Perfect for: An afternoon of chit-chat between close friends

Staying for hours at your favorite coffee place? Been there, done that. Tea is becoming more and more popular among the local in-crowd, and da.u.de is one of those artisanal gems that serve a wide and expansive variety of the drink. Tucked away in a more quiet part of Bonifacio Global City, the tea lounge is attractive even from the outside, and its tall arched windows give you a perfect view of the restaurant. Stylishly restrained graphics and typography beckon you into the classically elegant space, and the predominant white furnishings, chairs, and grey walls make the narrow space feel light and airy. The design manages to infuse just a little bit of fun and color with chevron-patterned tile floors and the tea canister display. You definitely won't mind staying all day in this small but beautiful escape from the busy city life.


Design highlights: The display shelves of colorful tea canisters





G/F One McKinley Place, 25th Street, Bonifacio Global City, Makati City

Cuisine: Spanish
Aesthetic: Rustic meets industrial
Designer: Anton Baretto
Perfect for: A relaxed dinner for those with refined (but not stuffy) taste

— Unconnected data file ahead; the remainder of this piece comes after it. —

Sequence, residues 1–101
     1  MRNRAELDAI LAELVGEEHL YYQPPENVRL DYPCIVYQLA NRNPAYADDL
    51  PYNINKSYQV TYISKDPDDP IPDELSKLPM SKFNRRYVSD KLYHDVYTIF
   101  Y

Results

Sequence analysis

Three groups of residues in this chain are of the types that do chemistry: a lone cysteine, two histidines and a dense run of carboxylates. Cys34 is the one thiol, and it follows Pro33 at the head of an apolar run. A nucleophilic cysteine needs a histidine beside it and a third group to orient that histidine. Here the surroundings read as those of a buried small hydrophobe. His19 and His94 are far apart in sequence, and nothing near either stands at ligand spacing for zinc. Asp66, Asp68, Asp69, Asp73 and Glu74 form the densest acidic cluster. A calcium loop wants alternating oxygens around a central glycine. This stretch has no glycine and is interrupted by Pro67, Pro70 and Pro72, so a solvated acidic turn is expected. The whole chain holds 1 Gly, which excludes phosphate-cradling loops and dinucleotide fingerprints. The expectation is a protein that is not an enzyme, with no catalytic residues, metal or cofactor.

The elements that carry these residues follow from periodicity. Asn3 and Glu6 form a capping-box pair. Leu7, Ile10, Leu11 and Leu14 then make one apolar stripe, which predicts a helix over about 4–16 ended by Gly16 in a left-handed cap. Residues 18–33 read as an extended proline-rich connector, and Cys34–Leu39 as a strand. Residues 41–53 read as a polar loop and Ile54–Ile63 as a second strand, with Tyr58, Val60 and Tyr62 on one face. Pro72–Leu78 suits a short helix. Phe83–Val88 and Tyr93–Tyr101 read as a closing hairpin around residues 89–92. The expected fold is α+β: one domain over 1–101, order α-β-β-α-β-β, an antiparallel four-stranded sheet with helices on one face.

Marrying different styles and aesthetics is not for the faint-hearted designer. The resulting look could easily go wrong if the right balance of elements isn't achieved, but Las Flores manages to do just that with such ease and grace. Walls are simple white-painted wood, with the warm-colored furniture and framed wall prints creating a homey feel reminiscent of old Spanish homes. If you check out their bar area, the countertop is covered with colorful patterned clay tiles, another design element with roots from the same cultural influence. However, the space is given a surprisingly modern twist by its more industrial elements like pendant dome lights and chrome fittings, an aesthetic carried over to their stylish menu design. What Las Flores achieved is a tasteful and seamless blend between old and new that diners would surely enjoy experiencing.


Design highlights: The gigantic wrought-iron chandeliers



197 Wilson St., 1600 San Juan; the New Glorietta, Makati City

Cuisine: Chinese
Aesthetic: Zen minimalist
Designer: Jagnus Design Studio
Perfect for: Secret rendezvous meetings between foodies